When it’s time to go shopping for the tile you will install in your home, you may encounter the terms floor tile and wall tile referring to various selections. You may also find that there is some ambiguity; floor tile can be installed on the walls, for example, and often has bullnose trim and other pieces to facilitate this. The different between the two tiles is often in how they are made, as well as how they will hold up over time in the two applications.
Tiles labeled for wall use cannot be used on the floor except in very rare cases as accents in low to no-traffic areas like a fireplace hearth. They may be certified for use on countertops as well, although not always.
Ceramic tiles produced for wall use are often known as monocontura. This means that they have been fired once. The tiles are usually made of wet clay that has dried and been glazed before being fired. This makes the tile hard, but brittle and unlikely to withstand the pressure that floor tiles need to handle.
Tiles that have been given a very high-gloss glaze are at risk of the finish crazing, or cracking regardless of where they are installed. These cracks in the glaze could make the tiles susceptible to stains and chips if used underfoot. These high-gloss glazes are also very slippery when wet, which is why most floor-rated tiles have a matte finish.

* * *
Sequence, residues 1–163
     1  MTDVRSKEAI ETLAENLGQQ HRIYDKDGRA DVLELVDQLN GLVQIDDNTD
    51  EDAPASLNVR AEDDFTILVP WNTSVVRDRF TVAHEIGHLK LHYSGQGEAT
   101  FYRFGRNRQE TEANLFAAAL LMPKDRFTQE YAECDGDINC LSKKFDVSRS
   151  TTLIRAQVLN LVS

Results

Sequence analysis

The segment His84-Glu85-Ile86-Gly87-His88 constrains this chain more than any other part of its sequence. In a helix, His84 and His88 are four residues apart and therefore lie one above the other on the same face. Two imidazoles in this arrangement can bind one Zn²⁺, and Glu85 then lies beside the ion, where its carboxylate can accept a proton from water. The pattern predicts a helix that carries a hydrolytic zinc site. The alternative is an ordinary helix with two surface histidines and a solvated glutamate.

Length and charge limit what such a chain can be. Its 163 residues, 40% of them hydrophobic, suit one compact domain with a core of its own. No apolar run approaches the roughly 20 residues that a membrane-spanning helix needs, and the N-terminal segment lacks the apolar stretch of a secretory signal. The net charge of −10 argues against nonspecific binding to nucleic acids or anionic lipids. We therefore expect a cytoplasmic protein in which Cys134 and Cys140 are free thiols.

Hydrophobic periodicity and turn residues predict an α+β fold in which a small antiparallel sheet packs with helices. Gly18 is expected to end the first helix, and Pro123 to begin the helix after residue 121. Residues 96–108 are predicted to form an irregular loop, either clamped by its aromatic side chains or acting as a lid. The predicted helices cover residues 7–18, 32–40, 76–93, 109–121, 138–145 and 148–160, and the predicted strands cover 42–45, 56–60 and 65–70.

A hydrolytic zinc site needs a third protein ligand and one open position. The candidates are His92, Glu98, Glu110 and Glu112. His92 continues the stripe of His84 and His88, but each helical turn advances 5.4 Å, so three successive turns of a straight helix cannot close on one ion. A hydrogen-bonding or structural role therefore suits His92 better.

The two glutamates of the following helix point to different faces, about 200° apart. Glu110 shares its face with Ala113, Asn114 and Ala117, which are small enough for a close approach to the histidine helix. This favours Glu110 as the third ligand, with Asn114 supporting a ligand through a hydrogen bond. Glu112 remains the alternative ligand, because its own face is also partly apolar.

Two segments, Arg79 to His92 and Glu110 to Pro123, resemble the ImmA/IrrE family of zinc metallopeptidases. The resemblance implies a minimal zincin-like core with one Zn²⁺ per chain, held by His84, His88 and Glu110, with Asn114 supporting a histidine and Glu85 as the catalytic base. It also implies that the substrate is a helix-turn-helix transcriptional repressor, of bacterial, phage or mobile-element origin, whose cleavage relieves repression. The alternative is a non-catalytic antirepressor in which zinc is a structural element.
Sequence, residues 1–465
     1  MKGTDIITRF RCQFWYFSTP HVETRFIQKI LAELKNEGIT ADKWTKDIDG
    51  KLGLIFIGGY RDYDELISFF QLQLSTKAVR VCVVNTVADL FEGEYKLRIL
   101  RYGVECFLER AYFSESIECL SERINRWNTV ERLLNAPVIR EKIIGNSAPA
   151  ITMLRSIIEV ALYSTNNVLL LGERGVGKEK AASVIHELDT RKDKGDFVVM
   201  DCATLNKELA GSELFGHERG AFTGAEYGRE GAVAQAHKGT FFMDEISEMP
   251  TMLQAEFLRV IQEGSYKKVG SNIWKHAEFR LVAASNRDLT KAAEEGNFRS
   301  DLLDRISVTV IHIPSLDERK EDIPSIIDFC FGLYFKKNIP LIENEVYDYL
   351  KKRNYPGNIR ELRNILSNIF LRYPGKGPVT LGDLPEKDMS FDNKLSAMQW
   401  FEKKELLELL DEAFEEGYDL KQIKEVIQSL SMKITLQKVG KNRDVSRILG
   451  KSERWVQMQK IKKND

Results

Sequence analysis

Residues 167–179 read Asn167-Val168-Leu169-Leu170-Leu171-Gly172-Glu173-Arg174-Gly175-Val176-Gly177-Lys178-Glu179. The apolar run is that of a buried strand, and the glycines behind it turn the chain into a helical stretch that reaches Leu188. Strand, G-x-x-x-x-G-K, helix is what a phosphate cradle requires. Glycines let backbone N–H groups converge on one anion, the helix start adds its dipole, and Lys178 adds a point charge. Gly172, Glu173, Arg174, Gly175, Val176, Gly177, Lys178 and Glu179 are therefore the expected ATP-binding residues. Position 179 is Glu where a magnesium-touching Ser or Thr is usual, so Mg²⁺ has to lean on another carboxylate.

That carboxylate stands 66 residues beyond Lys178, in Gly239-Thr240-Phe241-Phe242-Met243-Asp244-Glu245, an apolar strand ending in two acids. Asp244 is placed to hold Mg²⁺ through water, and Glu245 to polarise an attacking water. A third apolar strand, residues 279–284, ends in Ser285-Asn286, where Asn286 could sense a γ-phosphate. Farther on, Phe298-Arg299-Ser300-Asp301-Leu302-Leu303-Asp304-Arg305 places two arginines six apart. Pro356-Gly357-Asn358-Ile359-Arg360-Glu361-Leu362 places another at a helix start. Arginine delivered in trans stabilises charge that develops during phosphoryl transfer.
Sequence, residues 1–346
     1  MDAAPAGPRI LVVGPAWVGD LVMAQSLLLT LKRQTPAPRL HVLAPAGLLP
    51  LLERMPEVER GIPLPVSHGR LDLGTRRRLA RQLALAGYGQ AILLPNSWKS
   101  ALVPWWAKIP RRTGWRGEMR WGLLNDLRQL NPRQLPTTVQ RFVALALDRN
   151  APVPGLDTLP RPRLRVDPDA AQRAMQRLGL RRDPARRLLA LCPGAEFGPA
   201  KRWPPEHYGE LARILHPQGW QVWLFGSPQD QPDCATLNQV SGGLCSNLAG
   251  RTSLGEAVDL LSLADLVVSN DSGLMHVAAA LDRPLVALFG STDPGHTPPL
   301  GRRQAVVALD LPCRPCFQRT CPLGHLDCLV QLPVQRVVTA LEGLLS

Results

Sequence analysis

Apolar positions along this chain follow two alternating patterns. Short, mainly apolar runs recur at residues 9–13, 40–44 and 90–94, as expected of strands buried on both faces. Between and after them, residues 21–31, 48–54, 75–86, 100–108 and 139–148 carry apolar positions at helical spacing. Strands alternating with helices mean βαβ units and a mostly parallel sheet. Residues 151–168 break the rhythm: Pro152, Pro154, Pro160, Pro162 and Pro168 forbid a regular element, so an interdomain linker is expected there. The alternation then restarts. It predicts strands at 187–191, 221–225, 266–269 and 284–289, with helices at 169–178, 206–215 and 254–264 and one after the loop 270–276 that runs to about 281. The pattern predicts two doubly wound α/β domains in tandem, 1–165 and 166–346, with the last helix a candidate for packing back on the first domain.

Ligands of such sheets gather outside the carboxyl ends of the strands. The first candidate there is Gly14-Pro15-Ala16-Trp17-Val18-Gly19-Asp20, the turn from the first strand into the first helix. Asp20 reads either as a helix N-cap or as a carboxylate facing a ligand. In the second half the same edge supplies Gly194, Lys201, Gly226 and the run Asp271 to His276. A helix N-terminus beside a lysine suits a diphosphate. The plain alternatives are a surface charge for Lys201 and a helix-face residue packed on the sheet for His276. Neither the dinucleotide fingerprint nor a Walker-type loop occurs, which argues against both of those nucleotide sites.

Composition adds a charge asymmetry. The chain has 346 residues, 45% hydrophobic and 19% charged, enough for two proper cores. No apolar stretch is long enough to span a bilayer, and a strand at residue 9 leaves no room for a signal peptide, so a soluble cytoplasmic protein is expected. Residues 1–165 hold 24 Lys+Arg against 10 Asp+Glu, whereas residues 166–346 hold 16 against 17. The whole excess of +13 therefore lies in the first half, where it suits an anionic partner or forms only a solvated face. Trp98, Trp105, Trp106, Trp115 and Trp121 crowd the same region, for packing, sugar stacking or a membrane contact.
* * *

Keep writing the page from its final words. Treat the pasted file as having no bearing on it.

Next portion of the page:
There are many different materials that could be used for floor tile, stone, porcelain, ceramic, or metal. Tile is often rated for its hardness and durability on a scale of 1 – 5. A tile with a rating of 2 or 3 should be used only in low-traffic, residential settings such as a bathroom floor. Tiles with a rating of 4 or 5 can be installed in high traffic or commercial settings because they are so dense and durable they will not crack, chip, or scratch even under heavy use. Any tile with a rating of 1 is reserved solely for wall use, and should not be installed on the floor.